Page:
Property appraisal has long been one of the most time-consuming steps in originating loans. But automated property valuation systems are starting to change that.
TRW Redi Property Data, Anaheim, Calif., has introduced two systems that tap its large real estate data base.
One system compares similar properties, just as human appraisers do. David M. Ross, vice president, said the second system looks at past sale prices of the individual property and at the present real estate market to arrive at a current price estimate.
Other techniques tend to focus on property characteristics, he said.
HNC Software, San Diego, offers a similar property valuation system called AREAS Property Appraisal. Lenders can download information from other property data bases in addition to those available from HNC, said Patsy Campbell, marketing director.
The secondary market still requires an appraiser to look at mortgaged properties. But industry insiders agree that an automated system is a first move toward streamlining the cumbersome appraisal process.
Countrywide Home Loans Inc., Pasadena, Calif., is one of the lenders using TRW's Value Point, which compares like properties, for quality control and preapprovals.
Ralph Mozilo, executive vice president and chief underwriting officer at Countrywide, said Value Point is used as a quality control measure, to preapprove refinancings, and for evaluating home equity loans. He said Countrywide would eventually use the system to analyze properties in possible purchases of servicing portfolios.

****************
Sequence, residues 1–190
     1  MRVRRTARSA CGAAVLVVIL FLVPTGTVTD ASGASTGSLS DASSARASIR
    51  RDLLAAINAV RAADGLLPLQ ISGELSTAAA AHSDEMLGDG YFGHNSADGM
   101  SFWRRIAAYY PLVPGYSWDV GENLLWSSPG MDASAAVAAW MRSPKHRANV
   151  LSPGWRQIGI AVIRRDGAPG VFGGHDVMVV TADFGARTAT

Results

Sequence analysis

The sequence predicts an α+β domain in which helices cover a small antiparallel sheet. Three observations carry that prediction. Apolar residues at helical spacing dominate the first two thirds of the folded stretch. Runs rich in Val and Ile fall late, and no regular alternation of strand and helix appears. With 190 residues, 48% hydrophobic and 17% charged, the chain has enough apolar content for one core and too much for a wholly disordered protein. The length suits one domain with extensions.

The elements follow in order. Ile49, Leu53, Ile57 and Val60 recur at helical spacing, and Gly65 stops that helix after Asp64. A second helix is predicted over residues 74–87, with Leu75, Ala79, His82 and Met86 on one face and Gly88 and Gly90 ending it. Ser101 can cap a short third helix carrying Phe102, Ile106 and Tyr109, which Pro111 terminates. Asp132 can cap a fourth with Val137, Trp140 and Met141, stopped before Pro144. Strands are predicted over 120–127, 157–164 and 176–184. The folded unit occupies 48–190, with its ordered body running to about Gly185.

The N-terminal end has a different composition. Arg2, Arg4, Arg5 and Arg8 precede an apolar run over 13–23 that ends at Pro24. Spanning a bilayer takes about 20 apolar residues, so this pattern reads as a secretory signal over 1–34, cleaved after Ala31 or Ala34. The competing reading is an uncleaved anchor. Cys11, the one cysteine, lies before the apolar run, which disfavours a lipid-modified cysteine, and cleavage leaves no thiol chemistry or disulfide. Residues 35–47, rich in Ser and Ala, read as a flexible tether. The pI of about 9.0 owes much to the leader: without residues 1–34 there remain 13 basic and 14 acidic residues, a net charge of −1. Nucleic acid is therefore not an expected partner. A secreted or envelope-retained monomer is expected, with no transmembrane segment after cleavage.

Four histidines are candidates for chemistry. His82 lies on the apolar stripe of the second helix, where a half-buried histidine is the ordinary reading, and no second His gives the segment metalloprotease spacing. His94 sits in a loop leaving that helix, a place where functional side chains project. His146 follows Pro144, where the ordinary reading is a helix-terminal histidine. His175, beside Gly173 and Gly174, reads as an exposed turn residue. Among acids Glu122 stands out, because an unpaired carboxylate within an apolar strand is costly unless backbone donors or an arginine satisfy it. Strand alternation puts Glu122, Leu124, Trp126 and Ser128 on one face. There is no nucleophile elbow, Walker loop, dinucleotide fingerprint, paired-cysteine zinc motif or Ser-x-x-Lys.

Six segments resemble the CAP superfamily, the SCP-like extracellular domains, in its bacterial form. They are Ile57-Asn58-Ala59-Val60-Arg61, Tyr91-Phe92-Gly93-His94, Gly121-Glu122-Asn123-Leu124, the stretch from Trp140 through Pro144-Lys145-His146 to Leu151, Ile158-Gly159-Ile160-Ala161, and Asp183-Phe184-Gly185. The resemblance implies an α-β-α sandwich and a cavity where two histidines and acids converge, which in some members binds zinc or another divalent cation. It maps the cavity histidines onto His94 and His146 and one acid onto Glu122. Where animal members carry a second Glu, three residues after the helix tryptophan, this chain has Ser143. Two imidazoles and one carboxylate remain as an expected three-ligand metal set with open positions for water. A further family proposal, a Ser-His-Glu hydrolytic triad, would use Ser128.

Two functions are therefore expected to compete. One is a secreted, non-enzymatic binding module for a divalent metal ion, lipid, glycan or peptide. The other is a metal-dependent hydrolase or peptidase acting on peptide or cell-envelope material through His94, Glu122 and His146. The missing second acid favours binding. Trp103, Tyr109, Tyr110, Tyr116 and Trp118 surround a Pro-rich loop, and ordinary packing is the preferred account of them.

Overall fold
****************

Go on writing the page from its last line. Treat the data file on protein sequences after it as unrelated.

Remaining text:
Mortgage approvals would come much faster if lenders could use automated underwriting systems, Mr. Mozilo said.
Appraisals are "the one piece left that takes a heck of a long time," he said. When appraisers use the TRW system, it cuts the time needed from about two weeks to a day or two, Mr. Mozilo said.
But this is only the beginning of how the technology can speed things up, Mr. Mozilo said - much more progress is likely to be made on this front in the next year.
A mortgage industry consultant said property valuation systems can not only save time but also give a preliminary estimate of property value - and check the quality of appraisals.
"It will absolutely help cut time," said Barbara Smiley of the Tower Group, Boston. She also said automated property valuations would permit more confident evaluations of loans.
While small and midsize companies are often the ones with the insight to develop new systems like these, said Mr. Ross of TRW, they do not always have the money to carry out the idea. TRW does, however, he said.